Sunday Summary – Music: August 3, 2008

So if you’ve been following a long for a while now, you know that I only book myself on stage about once a month, in order to adequately evaluate the services, especially since we deal with the two simultaneous auditoriums.

Well, somehow I ended up booking myself on stage 2 weeks in a row. Last week on East, and this week on West. And there’s no real problem with that, other than it changes one’s focus from evaluating the service (and more specifically the worship) as a whole, to focusing on one’s individual role and responsibility.

Basically, beware the staff music person that books themselves on stage every week.

The reasoning and analogies for that should be pretty obvious by now. After all, a good sports coach is not one of the players. He’s on the sidelines with a much broader view, able to orchestrate all the elements, and adjust as necessary.

But there’s also balance: I still need to book myself to play every once in a while so that I can:

– Use my skills, gifts and abilities for the benefit of the local church (thus the glory of God)

– Satisfy my needs as a musician by actually playing music!!

– Be reminded of and understand what our players and singers go through, so that I can better relate to them on a daily basis, and stick up for them when necessary. It’s so important to be their advocate – not the enemy.

– To occasionally get out of evaluation mode, and allow me, personally, a deeper time of worship. For me, it’s way easier to worship while on stage, rather than off stage: evaluating, judging, scrutinizing…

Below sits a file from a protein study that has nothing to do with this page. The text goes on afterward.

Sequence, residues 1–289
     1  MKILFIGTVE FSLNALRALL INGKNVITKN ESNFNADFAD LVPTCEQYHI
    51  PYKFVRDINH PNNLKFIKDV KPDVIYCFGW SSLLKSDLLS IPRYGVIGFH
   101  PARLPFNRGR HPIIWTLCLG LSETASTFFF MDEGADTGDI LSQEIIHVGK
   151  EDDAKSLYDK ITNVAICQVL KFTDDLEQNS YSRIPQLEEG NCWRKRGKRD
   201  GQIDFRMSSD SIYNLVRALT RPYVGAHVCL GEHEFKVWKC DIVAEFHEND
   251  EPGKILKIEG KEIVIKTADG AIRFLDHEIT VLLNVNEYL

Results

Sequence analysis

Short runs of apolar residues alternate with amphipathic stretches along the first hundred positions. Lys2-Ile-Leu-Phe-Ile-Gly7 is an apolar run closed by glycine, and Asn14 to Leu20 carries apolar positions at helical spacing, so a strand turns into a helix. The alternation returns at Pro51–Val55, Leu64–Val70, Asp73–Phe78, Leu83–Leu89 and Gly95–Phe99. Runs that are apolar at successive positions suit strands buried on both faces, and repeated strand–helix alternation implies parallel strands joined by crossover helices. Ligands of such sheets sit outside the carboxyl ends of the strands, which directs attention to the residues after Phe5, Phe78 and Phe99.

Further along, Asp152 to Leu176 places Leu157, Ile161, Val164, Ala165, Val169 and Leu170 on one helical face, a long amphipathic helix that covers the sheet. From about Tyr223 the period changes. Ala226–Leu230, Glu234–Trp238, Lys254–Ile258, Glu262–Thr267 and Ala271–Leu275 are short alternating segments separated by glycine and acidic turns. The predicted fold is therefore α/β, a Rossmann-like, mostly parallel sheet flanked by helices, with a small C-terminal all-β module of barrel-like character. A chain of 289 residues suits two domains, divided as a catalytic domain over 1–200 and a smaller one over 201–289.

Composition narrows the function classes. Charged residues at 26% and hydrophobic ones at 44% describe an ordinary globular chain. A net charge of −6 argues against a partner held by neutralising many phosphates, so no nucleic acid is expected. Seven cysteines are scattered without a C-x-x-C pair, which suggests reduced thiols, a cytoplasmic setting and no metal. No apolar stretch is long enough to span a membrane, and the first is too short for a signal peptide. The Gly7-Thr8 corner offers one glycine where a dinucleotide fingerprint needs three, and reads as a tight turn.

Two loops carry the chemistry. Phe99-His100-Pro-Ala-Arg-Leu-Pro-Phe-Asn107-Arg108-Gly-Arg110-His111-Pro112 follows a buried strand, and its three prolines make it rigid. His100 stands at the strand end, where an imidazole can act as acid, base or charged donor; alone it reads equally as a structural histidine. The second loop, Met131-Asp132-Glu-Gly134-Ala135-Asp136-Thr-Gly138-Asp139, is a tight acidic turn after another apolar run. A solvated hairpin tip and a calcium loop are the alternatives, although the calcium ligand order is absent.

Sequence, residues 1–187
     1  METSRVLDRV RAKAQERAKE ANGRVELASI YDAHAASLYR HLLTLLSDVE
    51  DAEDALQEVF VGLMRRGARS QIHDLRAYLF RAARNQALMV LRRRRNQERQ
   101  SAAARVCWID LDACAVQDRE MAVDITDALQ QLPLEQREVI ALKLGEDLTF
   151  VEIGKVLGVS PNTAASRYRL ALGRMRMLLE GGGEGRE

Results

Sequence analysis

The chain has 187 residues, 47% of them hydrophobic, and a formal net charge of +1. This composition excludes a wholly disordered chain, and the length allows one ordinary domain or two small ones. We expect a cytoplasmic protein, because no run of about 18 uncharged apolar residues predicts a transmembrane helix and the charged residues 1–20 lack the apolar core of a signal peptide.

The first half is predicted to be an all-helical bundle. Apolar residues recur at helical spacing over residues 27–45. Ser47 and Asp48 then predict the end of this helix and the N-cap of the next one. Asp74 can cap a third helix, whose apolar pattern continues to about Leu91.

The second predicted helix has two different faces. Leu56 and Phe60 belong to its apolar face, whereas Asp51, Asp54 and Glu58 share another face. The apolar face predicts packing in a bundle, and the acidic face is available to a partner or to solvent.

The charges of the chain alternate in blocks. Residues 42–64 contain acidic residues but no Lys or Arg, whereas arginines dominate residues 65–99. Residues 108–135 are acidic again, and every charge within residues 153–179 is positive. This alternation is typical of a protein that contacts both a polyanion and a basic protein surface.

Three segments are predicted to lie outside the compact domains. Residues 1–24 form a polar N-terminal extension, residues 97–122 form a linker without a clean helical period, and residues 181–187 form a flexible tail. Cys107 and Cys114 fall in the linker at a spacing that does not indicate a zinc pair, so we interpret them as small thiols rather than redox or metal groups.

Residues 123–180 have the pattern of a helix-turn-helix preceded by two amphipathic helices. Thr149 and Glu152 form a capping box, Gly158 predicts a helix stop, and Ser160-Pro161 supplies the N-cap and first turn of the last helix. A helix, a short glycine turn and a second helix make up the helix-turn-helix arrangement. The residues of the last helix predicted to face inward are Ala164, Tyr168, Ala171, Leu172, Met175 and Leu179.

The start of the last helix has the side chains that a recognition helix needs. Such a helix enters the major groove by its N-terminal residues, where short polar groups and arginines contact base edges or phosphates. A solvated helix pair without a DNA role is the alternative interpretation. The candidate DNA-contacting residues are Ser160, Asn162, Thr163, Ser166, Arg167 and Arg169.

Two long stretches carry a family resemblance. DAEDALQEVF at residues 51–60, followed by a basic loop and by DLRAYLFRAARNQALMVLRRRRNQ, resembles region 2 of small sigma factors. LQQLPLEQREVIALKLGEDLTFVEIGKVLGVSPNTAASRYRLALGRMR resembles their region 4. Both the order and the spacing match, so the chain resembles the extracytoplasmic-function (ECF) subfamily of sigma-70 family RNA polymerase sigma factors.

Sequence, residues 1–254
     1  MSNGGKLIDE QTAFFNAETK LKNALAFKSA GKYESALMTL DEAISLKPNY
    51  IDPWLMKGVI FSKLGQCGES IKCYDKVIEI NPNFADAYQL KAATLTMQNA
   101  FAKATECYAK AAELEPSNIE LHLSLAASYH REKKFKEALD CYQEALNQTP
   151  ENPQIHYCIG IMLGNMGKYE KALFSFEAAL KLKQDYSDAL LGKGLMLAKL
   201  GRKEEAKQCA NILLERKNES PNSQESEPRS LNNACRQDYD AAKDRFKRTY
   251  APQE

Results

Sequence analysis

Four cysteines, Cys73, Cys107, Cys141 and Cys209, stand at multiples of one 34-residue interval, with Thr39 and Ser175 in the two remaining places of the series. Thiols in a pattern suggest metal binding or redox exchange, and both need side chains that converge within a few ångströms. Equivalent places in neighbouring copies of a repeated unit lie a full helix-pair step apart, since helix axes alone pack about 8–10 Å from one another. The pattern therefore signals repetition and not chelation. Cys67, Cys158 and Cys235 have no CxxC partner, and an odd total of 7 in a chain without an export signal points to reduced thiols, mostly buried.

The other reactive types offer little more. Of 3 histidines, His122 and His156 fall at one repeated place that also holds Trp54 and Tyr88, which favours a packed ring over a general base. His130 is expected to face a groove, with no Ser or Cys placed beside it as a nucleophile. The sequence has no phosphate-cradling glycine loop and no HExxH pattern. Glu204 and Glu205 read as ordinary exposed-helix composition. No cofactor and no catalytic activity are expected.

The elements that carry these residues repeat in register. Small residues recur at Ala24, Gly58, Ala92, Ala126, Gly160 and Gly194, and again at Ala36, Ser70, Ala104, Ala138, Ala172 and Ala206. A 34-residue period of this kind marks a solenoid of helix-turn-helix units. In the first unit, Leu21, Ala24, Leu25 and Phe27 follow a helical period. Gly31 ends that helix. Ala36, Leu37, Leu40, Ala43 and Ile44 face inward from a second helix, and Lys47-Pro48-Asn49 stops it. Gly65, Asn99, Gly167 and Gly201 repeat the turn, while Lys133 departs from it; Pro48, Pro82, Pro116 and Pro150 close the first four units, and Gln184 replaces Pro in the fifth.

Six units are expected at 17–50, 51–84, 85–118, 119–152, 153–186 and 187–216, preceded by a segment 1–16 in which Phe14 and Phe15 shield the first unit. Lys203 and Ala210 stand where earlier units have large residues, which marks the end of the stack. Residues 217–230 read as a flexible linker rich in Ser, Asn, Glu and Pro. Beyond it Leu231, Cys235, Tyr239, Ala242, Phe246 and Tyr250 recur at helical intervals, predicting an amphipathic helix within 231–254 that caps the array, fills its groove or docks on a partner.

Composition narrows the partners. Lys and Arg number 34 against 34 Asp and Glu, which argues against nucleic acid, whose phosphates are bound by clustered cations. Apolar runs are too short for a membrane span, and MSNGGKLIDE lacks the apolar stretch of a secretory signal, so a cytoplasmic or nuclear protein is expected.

WORSHIP:

We had originally planned on doing 4 worship tunes this week, since we had some extra time in the service.

(NOTE: Yes, I know that sounds strange to some of you who normally do more music)

But after last week’s message by Louie, we got lots of angry email. We also sold nearly 500% more CD’s of the message! (Talk about polarizing!)

The decision was made by Andy that he was going to address Louie’s message and the angry emails, and so needed more time. So we cut the 4th song. Sure, we were sad, but what Andy had to say in those extra 4 minutes was priceless! Incredible! And after hearing it, we were totally cool with cutting the tune.

After the regular welcome and couple of announcements, Andy said he wanted to address some issues about Louie’s message. He first said that it was one of the most incredible Sundays and messages that this church had ever experienced. (How’s that for dousing a fire!)

He went on to talk about the email he’d received, and that it was mostly about the language that Louie had quoted when reading Ashley’s diary, and that most of the emails were from people that had younger kids with them in the service.

Andy then did the best “it’s my fault” I’ve heard in a while… He blamed himself for not casting the vision to the congregation that part of why this church exists is so that it can deal with the relevant issues of culture in a way that is actually relevant to the culture. We’re not “edgy” or try to be controversial. We just try to talk about stuff that is actually a real part of human life. And to do something just for the sake of being “cutting-edge” without being relevant to the service is just immature and silly, and we don’t do that.